Aged 23, Lentini, a mercurial winger who could operate down either side of the pitch, wasn’t yet the finished article. He may have been a full Italian international but he was still more a vision of potential than a polished world beater. His £13 million price-tag and the title of being the most expensive footballer in the world didn’t sit easily for anyone.

“He was a really big talent. Fast, strong, physical. Really good.” Fabio Capello, AC Milan manager.

Italy’s scrutineers in the sports press were aghast at the perceived money-train raging through Serie A, while the Vatican itself took a hard-line by branding the transfer fee “an offence to the dignity of work”.

Lentini was widely admired in Italy, yet remained largely unheralded globally. The Azzurri failing to reach the finals of Euro 92 went a long way in ensuring this was the case. Lentini was denied the opportunity to showcase his talents to a watching world, in the way Roberto Baggio had been gifted two years earlier when he found himself in a similar situation.

AC Milan cared little for these issues and they pressed ahead with their clinching bid. Lentini was to leave Turin for Milan. Fabio Capello’s unbeaten side was being given fresh impetus.

As irate Torino fans rendered the club president, Gian Mauro Borsano, a near prisoner of his own home due to the sale of Lentini, it was arguably the concept of a potentially great team being broken up, rather than the sale of one individual component, which drove Torino’s fans to the streets in protest.

Lentini had been away from Torino on loan to Ancona as recently as the 1988-89 season. While he’d been assisting Ancona in preserving their Serie B status, in his absence from Torino they’d narrowly slipped to relegation from Serie A.

The 1989-90 season, leading up Italia 90, was spent helping Torino return to Serie A under the Serie B promotion specialist, Eugenio Fascetti. Once they were back in Serie A, Lentini became an integral part in a two-season eye of the storm under the leadership of Emiliano Mondonico.

A highly credible fifth place finish in 1991, inclusive of defeating Inter Milan at home and beating Juventus in the ‘away’ Turin derby brought UEFA Cup qualification. In March 1991 Lentini made his debut for the national side.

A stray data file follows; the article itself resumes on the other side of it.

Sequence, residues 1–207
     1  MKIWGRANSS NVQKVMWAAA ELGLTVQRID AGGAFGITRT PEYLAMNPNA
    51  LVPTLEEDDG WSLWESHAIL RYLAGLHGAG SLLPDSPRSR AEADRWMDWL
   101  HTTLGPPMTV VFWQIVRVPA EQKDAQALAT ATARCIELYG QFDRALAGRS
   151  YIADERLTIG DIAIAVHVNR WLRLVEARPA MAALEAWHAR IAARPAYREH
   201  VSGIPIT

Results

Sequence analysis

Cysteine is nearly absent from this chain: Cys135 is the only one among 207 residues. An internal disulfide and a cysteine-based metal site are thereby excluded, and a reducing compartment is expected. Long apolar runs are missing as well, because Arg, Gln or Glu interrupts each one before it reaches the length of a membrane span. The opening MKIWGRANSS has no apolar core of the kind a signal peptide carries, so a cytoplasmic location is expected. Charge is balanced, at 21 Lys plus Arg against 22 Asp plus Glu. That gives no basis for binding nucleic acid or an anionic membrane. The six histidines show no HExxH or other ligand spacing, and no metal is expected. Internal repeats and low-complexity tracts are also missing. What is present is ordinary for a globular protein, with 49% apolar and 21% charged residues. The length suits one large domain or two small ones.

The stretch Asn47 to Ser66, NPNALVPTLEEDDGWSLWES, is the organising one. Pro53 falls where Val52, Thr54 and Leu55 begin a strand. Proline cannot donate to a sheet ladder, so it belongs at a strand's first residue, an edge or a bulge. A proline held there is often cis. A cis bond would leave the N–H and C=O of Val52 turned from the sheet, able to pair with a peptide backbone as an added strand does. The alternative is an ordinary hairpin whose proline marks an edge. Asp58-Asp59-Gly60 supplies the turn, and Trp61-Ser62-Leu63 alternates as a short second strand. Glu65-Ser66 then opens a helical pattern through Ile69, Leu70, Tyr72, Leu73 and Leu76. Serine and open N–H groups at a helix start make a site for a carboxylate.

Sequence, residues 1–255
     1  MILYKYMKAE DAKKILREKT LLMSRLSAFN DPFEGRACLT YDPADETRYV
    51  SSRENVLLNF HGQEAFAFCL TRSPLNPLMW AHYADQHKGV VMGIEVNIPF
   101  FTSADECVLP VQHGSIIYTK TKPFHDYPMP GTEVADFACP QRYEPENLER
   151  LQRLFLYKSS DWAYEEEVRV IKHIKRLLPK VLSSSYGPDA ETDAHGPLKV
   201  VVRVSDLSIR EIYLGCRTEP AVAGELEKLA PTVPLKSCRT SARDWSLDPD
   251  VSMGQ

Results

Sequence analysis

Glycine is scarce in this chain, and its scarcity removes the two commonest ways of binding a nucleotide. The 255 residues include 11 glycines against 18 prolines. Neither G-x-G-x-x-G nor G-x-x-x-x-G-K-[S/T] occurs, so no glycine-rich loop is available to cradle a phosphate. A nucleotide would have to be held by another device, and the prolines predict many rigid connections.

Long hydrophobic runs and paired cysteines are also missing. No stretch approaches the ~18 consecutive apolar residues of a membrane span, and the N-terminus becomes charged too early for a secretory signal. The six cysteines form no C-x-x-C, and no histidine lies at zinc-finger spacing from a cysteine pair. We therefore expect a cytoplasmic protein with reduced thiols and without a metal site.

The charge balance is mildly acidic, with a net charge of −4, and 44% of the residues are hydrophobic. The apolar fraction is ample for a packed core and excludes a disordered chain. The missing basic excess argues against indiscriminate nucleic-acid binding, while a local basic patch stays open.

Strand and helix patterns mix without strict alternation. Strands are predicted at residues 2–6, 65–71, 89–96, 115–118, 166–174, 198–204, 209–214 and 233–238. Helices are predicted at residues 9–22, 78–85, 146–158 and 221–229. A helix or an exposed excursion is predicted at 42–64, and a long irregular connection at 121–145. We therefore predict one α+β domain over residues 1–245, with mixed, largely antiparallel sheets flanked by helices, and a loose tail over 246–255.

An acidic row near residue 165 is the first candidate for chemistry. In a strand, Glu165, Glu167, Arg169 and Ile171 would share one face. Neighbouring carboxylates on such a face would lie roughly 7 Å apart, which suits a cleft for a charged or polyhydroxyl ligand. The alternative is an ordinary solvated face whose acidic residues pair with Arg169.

By 1991-92 Mondonico had assembled a side that looked capable of following in the footsteps of AS Roma, Verona, Napoli and Sampdoria in challenging for major honours. Alongside Lentini was Luca Marchegiani, Pasquale Bruno, Roberto Mussi, Luca Fusi, Roberto Policano, Giorgio Venturin, Rafael Martín Vázquez, Enzo Scifo, Walter Casagrande and the emerging Christian Vieri.

As AC Milan swept to the 1991-92 Serie A title without a loss, Torino continued to show signs of real intent, finishing third and reaching the UEFA Cup final, inclusive of overcoming Real Madrid in the semi-final.

Up against Louis van Gaal’s Ajax, both legs of the final were blessed by prolonged periods of open and attacking football from both sides. In the first leg at the Stadio delle Alpi, Torino twice came back from a goal down to eventually draw 2-2, Casagrande scoring both of Torino’s goals, the second of which was laid on to him by a beautifully weighted through ball from Lentini.

In the return game at the Olympic Stadium in Amsterdam, Torino were denied by the frame of the goal as much as they were by Ajax. In as open a goalless draw as you could wish to see, Torino twice hit the post, and also hit the bar in the dying seconds of the game. Lentini was again central to most of Torinio’s best moves, but the UEFA Cup was to belong instead to Ajax.

Eleven days later Lentini played his last game for Torino prior to the auction for his signature beginning. He scored the last goal in a 5-2 victory over Ascoli in front of his adoring audience at the Stadio delle Alpi.

The repercussions of Lentini’s switch to AC Milan have long since been lost behind the mystery of the car crash which almost killed him in August 1993.

At high speed, on the outskirts of Turin, Lentini lost control of his yellow Porsche 911. Being flung from the wreckage almost certainly saved his life. The crumpled shell of his car strikes a startling image. It was an incident he had no right to survive.

In a split-second, the landscape of Lentini’s life changed forever.